Ubuntu Font is also a whole typeset family, so it works across different widths, styles, and applications. You can read up on the font, its genesis, and its goals in a detailed post by Ubuntu founder Mark Shuttleworth.

Unity Interface for Netbooks

If you’ve got a small screen, be it a notebook or an ultra-portable laptop, Ubuntu’s Unity interface is the way to go. It’s Mac-like and super-fast, and it’s getting good reviews and intrigued looks elsewhere all over the web. You can try it out on your standard Ubuntu installation without a re-install, by adding the Ubuntu Netbook Edition PPA to your system.

Better Notifications and System Tray

Ubuntu’s Mark Shuttleworth said in 2008 that the overarching goal for Ubuntu should be to surpass Apple in the desktop looks department. That’s not quite where Ubuntu is at, but it’s starting to show some flash in the little things that make a desktop usable. The system tray, in particular, is a lot more useful. You can control your primary Rhythmbox music player from the volume meter, see recent social network messages from the “Me” menu, and set your chat status in most IM clients from your username menu. Plus, the left-side window controls are probably a bit more familiar to Ubuntu users, and the better system font goes a long way toward likability.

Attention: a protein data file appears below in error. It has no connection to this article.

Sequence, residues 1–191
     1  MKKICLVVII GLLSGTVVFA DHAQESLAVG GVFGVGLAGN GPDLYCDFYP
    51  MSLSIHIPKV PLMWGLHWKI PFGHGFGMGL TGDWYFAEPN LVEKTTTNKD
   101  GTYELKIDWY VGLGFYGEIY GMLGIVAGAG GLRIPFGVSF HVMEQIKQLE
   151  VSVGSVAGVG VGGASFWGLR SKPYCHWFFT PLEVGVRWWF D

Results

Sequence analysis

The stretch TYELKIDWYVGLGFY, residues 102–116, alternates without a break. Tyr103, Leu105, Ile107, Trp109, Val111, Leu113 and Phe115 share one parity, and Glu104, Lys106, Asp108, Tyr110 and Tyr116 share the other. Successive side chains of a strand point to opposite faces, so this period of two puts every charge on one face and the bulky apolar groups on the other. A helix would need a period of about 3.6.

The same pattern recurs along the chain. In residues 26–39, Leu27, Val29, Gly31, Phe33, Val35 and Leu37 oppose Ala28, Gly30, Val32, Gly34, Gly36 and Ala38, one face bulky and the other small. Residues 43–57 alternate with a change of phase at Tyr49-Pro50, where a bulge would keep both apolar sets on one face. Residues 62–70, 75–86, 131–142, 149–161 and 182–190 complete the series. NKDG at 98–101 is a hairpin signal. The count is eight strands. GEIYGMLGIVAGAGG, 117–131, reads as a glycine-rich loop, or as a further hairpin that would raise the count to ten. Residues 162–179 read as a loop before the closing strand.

Shotwell Is Better with Photos, But Not the Best

Shotwell is better at importing and organising photos than its predecessor, F-Spot, but only by a little. It’s much easier on the eyes and better at recognising cameras and storage devices, but if you’re particular about how you organise your photos, you’ll likely bump heads with Shotwell’s designers. Our recommendation, and that of many commenters? Install gThumb instead.

If you’ve been trying out Ubuntu and have your own notes, or need to say what else Ubuntu needs to accomplish, we’re eager to hear them in the comments.